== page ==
17 January 2013

Namibia: Shalli Shoots Blanks Against POCA

THE Prevention of Organised Crime Act has emerged unscathed from an attempt by former Namibian Defence Force Chief Martin Shalli to have the law declared unconstitutional.

An application by Shalli to have the Act declared unconstitutional was dismissed with costs in the High Court in Windhoek yesterday. Shalli did not manage to prove his claims that his constitutional rights are being violated by the part of the law dealing with the preservation and forfeiture of property used in the commission of an offence, or which is the proceeds of unlawful activities, the court ruled in its judgement.

Specifically, Shalli has not shown that his right to be presumed innocent until alleged criminal conduct has been proven against him, his right to a fair trial, his right to property, and his right to dignity are being violated by the parts of the law he was attacking, Judges Dave Smuts and Harald Geier agreed.

Shalli lodged an application to have the law declared unconstitutional in early May last year, after the prosecutor general had obtained a preservation order which in effect froze the equivalent of about N$2,8 million which was being kept in a Zambian bank account in Shalli's name.

The order was granted in terms of the Prevention of Organised Crime Act (POCA).

Prosecutor General Martha Imalwa is alleging in an affidavit filed with the court that the money in Shalli's Zambian account is the proceeds of unlawful activities, namely corruption, tax evasion, and money laundering.

Imalwa has informed the court that evidence at her disposal shows that a Chinese company, Poly Technologies Incorporated, from whom Government bought military equipment to the value of US$126,4 million while Shalli was in command of the Namibian Defence Force, made payments totalling US$500 000 into Shalli's Zambian bank account in October 2008 and February 2009.

These payments were reflected as being a "commission".

According to Imalwa, Shalli has told the police that the Chinese company paid him US$$500 000 for the rent of his house in Windhoek for a period of ten years.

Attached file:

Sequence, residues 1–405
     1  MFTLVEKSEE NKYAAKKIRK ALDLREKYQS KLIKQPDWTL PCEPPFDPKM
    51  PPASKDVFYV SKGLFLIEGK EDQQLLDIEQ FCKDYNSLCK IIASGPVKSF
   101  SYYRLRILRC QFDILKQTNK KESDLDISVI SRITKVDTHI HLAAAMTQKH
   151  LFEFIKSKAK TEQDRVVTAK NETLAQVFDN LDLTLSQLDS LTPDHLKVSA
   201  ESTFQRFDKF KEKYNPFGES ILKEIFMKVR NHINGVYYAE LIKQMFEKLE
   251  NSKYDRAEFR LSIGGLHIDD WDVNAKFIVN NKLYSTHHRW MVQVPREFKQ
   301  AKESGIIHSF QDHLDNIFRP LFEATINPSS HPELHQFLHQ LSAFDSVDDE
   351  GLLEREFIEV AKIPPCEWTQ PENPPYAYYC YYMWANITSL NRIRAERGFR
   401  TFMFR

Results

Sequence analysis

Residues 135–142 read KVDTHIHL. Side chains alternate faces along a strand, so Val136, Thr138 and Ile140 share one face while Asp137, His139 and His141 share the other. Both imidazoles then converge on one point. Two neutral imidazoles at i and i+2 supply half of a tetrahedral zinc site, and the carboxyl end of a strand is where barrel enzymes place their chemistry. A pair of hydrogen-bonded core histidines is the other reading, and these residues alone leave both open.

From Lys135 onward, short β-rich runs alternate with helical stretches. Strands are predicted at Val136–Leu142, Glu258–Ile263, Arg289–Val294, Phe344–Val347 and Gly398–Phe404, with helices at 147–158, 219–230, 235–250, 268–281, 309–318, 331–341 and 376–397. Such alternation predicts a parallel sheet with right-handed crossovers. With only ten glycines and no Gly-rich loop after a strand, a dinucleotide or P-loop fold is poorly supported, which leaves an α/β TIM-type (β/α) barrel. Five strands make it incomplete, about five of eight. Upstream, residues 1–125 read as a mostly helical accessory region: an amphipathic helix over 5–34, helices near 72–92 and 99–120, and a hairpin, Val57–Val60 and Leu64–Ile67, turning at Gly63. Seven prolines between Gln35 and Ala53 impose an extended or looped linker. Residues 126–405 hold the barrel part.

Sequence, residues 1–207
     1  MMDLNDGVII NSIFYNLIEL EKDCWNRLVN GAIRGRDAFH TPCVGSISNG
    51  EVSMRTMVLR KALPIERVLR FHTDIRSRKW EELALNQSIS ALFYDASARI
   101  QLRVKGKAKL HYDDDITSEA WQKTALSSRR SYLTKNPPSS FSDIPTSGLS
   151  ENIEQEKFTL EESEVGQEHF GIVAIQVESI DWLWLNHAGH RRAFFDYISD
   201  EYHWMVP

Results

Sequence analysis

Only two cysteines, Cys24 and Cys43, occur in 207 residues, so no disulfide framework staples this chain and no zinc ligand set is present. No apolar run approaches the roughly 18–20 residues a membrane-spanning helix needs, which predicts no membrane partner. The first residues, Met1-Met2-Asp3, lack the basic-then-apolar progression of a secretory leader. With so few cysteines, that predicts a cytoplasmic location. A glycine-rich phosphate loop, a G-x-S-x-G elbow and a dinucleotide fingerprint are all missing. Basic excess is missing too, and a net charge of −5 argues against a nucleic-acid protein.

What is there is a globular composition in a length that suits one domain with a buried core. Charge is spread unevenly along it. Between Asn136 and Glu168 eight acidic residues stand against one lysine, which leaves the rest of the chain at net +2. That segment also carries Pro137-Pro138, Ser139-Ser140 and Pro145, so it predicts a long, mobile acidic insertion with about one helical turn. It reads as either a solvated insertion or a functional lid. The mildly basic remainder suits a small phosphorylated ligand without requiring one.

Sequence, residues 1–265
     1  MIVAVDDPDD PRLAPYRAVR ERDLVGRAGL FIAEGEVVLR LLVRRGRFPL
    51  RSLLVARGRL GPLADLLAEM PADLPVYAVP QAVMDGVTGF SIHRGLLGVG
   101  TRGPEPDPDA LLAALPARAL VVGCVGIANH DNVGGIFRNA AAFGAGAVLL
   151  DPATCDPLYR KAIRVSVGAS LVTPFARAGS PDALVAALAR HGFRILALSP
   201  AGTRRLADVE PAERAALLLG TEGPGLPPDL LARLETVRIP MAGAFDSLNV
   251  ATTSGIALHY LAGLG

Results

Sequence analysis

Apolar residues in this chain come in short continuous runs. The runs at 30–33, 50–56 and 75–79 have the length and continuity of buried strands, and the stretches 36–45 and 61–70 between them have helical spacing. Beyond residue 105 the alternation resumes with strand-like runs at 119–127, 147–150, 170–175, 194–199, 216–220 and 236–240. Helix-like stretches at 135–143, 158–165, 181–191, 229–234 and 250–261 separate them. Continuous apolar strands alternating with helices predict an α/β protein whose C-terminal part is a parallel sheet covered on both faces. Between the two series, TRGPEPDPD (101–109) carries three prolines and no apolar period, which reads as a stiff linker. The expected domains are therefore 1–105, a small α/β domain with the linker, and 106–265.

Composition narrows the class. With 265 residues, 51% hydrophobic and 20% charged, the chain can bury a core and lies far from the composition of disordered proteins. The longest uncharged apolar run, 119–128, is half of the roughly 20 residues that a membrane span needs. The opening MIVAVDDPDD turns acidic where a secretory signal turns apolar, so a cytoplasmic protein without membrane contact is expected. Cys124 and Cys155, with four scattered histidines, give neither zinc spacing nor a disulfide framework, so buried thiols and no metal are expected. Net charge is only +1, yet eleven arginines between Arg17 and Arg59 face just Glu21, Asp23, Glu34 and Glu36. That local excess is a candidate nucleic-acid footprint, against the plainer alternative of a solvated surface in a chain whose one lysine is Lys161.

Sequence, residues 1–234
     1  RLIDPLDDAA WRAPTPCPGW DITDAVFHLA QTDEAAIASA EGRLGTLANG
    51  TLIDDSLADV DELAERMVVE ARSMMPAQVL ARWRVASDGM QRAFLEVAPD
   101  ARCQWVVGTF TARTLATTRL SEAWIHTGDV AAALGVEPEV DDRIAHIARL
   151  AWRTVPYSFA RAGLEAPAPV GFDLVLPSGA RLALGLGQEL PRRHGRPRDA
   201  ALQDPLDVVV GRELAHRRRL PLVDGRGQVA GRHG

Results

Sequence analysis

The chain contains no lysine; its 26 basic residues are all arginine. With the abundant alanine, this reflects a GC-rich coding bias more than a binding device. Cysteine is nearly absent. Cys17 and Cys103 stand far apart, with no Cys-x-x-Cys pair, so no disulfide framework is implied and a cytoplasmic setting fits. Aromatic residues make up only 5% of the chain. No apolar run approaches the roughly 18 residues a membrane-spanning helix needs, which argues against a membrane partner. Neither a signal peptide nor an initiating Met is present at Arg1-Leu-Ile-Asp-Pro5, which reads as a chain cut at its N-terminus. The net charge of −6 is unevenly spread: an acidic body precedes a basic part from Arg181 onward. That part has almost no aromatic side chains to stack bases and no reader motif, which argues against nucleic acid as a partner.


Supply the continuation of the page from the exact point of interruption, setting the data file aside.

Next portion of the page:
Shalli has stated in an affidavit of his own that he is confident that he will be acquitted of possible future criminal charges.

Shalli initially asked the court to declare POCA as a while unconstitutional. With the hearing of arguments before the two judges in October, Shalli's legal counsel, Jeremy Gauntlett, SC, however limited his attack to the part of POCA dealing with the preservation and forfeiture of property which is the proceeds of unlawful activities or has been involved in the commission of an offence or suspected offence.

It is now widely accepted in the international community that criminals should be stripped of the proceeds of their crimes, and that the purpose of this is to remove the incentive for crime, rather than to punish them, Judge Smuts noted in the judgement, which he wrote.

Senior counsel Wim Trengove, who represented the prosecutor general and the attorney general, argued that the preservation and forfeiture of property under POCA is directed at the property and proceeds and instrumentalities of crime, and not against wrongdoers.

With asset forfeiture proceedings being civil, rather than criminal, in nature, and not being related to a criminal prosecution and punishment of offenders, the constitutional right to be presumed innocent would not arise in such proceedings under POCA, Judge Smuts reasoned.

The part of POCA which requires the High Court to grant an initial property preservation order without prior notice of such legal proceedings having been given to parties concerned can be criticised with some justification, but because such an initial order would only be an interim order, it would not infringe a person's right to a fair trial, the judge further found.

On Shalli's complaint about his right to property being violated, Judge Smuts stated that the Constitution does not protect the ownership or possession of the proceeds of crime. Even if POCA were to infringe on the right to property, it would in his view be a proportionate response to a fundamental problem which is being addressed, namely that no one should be allowed to benefit from their wrongdoing, Judge Smuts stated.

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